The Creativity Required For Copyright
How much creativity is required for a work to be entitled to copyright protection?
That was the key question is Syrus v. Bennett, a case decided by the US Court Of Appeals for the 10th Circuit involving the NBA’s Oklahoma City Thunder basketball team and the phrases “Thunder Up," “Go Thunder," and “Let’s Go Thunder".
Under US law, copyright protection extends to “original works of authorship fixed in any tangible medium of expression." 17 United States Code (“USC"), Section 102(a)
However, copyright does not extend to any idea “regardless of the form in which it is described, explained, illustrated, or embodied in such work". 17 USC 102(b)
Further, the term “original", as used in copyright, means the work was independently created. i.e. not copied from other works, “and that it possesses at least some minimal degree of creativity." Feist Publications, Inc. v. Rural Telephone Service Co., 499 U.S. 340 (1991)
In Syrus, the plaintiff wrote a song for the Oklahoma City Thunder, registered the copyright, and gave the song to an unnamed coach, the team’s head cheerleader and the Oklahoma City Mayor’s Office. The lyrics included the phrases “Thunder Up," “Go Thunder," and “Let’s Go Thunder". According to Mr. Syrus, these phrases were used without his permission in banners and advertisements displayed in the team’s arena, and chanted during games by the cheerleaders, team mascot and crowd.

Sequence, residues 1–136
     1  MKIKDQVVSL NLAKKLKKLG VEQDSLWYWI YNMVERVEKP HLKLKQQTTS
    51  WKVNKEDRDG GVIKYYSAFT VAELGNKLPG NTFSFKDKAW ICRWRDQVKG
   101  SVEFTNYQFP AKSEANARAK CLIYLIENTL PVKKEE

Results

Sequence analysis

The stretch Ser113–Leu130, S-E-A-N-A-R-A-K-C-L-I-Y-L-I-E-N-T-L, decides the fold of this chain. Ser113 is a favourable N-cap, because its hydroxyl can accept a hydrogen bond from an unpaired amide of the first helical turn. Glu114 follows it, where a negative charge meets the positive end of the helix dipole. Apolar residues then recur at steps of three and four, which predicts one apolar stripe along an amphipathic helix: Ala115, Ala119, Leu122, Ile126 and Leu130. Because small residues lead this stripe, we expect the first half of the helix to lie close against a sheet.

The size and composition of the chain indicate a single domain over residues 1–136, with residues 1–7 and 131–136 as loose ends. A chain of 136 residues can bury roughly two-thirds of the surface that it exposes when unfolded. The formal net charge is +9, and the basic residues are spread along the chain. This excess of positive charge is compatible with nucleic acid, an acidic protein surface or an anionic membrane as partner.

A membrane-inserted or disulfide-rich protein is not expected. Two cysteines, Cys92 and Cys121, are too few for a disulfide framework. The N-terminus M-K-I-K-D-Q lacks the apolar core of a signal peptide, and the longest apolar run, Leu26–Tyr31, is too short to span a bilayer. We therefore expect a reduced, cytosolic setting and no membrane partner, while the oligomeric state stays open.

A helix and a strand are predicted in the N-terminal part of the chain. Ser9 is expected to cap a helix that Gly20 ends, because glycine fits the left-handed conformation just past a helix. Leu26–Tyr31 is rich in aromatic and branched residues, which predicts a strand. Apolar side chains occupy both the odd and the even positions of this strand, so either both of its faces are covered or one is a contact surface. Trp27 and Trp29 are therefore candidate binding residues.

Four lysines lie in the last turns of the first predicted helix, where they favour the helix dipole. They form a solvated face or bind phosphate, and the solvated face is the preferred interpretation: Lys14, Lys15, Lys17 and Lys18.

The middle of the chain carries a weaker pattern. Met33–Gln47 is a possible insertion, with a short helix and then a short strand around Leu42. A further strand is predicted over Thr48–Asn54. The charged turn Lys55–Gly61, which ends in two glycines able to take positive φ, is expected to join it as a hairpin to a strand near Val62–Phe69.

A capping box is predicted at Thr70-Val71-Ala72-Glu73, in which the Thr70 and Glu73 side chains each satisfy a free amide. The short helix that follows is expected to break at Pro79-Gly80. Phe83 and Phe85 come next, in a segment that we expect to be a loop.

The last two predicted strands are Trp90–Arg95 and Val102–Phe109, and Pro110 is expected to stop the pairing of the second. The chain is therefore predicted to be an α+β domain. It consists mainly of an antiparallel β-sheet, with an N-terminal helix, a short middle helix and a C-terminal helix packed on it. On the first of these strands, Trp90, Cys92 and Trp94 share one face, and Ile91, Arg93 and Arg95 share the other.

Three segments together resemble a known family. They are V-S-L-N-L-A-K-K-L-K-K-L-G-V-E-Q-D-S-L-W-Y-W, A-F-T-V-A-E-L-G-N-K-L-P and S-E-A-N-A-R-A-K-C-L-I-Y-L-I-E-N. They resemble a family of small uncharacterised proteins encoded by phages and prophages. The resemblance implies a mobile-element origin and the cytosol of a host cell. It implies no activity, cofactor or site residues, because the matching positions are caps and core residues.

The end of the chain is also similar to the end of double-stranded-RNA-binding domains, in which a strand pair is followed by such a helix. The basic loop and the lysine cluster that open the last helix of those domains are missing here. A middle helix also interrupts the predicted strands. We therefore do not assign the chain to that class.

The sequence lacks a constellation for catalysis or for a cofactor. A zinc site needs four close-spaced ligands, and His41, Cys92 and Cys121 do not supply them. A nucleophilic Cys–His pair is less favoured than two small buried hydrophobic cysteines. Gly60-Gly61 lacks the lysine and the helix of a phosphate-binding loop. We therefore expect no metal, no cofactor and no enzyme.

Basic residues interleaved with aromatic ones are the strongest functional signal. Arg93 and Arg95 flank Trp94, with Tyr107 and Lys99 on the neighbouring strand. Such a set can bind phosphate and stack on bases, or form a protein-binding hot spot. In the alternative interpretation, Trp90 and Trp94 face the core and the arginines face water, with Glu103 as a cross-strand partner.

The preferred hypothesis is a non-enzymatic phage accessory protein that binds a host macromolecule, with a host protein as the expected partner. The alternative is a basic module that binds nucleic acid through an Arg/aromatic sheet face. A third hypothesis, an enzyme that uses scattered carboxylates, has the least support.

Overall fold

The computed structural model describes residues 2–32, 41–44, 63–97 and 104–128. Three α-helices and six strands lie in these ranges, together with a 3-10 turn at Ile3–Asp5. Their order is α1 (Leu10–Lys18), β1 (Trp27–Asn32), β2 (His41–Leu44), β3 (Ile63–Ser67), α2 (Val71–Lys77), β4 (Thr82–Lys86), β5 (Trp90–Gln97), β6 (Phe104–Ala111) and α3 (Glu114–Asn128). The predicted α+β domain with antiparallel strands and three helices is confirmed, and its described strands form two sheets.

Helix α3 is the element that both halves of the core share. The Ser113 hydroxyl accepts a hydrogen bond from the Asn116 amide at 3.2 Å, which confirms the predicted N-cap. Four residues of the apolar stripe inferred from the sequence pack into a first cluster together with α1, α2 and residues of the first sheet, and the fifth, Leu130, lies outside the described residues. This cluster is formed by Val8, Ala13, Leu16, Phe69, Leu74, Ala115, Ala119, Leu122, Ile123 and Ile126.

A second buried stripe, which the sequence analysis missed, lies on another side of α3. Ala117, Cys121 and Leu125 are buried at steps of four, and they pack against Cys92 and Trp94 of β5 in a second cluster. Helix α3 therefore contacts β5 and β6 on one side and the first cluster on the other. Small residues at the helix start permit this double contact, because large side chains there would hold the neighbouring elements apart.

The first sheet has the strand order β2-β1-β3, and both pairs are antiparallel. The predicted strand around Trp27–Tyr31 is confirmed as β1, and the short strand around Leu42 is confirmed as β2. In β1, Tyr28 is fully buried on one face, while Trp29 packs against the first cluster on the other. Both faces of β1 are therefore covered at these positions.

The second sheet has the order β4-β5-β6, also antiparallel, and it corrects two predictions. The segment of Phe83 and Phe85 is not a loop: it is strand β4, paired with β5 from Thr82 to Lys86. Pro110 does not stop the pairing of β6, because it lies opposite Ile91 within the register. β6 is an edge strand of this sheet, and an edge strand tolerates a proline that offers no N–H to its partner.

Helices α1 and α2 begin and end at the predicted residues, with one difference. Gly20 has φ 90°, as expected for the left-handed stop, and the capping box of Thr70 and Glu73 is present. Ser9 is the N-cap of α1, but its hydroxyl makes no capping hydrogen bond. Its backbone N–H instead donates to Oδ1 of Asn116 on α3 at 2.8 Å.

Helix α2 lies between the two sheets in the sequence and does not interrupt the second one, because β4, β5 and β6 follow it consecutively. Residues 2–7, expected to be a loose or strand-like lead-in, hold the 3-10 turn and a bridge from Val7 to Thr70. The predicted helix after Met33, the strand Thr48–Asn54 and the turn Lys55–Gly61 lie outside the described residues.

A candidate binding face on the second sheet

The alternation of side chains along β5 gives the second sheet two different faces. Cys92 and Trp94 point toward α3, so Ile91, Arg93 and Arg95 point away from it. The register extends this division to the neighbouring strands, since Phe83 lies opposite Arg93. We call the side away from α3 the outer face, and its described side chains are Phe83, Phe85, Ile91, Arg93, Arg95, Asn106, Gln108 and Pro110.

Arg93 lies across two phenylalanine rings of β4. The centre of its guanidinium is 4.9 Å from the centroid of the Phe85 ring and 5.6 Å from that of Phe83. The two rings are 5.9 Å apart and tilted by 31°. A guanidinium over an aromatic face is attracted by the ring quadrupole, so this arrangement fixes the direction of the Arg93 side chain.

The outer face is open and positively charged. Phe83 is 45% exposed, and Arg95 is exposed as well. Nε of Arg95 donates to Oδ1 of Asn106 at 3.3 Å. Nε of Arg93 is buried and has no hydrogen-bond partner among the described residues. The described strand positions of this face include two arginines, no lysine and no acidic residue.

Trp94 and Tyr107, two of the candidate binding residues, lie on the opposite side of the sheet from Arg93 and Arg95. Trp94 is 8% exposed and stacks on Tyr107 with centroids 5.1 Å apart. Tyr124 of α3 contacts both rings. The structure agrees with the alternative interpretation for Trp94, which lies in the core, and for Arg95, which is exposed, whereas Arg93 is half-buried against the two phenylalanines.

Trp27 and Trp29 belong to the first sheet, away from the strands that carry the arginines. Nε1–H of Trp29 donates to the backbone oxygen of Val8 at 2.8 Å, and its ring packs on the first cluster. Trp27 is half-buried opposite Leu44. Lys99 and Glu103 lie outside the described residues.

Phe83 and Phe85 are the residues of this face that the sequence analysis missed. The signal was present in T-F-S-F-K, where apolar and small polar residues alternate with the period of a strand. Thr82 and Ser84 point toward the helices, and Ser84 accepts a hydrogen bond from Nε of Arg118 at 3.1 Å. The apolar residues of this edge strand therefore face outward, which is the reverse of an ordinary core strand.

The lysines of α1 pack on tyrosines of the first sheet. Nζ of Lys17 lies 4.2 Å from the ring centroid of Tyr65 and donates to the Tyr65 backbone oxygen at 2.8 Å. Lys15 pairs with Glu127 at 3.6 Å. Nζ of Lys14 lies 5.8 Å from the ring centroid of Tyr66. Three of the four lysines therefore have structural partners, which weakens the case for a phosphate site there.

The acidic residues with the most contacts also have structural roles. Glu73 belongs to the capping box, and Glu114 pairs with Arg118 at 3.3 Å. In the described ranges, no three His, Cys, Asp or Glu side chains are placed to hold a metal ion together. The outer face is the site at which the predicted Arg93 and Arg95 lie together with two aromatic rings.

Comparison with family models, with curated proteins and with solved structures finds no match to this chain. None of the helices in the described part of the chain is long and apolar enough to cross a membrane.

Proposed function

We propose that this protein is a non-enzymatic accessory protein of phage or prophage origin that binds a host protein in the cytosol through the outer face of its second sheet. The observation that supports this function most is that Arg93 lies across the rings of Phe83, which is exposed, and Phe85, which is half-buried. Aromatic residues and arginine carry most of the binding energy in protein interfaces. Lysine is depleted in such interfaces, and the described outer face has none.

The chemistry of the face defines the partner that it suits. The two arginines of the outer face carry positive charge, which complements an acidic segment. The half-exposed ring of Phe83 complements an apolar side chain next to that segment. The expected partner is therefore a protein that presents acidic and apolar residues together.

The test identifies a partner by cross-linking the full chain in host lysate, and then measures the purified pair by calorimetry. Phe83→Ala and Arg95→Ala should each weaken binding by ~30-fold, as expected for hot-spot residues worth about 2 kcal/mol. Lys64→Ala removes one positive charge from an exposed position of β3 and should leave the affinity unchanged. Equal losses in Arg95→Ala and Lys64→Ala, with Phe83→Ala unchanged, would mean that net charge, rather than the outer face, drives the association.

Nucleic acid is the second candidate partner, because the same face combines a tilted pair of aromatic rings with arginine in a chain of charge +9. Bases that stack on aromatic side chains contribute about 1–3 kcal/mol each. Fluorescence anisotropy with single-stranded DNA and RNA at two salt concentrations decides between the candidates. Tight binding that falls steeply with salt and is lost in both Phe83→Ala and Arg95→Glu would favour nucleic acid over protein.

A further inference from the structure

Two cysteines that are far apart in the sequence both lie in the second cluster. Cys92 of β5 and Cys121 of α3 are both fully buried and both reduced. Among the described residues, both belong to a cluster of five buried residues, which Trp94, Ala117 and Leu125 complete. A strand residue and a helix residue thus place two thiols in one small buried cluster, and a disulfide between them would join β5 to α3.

Thus he sued for copyright infringement.
But are the song phrases sufficiently creative to warrant copyright protection?
Earlier cases have noted that copyright protection extends only to works that “are the fruits of intellectual labor." The Trademark Cases, 100 U.S. 82, 94 (1879). It’s well established that words and short phrases such as names, titles, and slogans generally do not qualify for copyright protection, particularly where they “convey an idea typically expressed in a limited number of stereotyped fashions," Narell v. Freeman, 872 F.2d 907, 911 (9th Cir. 1989).
But as the Court of Appeals noted, even “a short phrase may command copyright protection if it exhibits sufficient creativity."
However, in the case at hand, the 10th Circuit Court of Appeals held that “Go Thunder," and “Let’s Go Thunder" “do not reflect the minimal creativity required for copyright protection" because they are “merely predictable variations on a cheer widely used in sports," combined with the name of a team.
Mr. Syrus lost his battle.
A more interesting analysis might have ensued in regards to the phrase “Thunder Up", which was also in the Syrus song. At first blush, “Thunder Up" feels more creative than the other phrases, and it is not a variation on a cheer widely used in sports. But, as it happens, Mr. Syrus disclaimed any rights to the phrase “Thunder Up" as part of his appeal, thus making it an issue the Court of Appeals did not need to address.
Although it’s unclear why this occurred, the case certainly would have been more interesting if “Thunder Up" was in the mix.
The Order and Judgment in Syrus v. Bennett was entered on November 3, 2011. The decision is unpublished and, as such, has limited value as legal precedent but it can be cited by other courts for its persuasive value.
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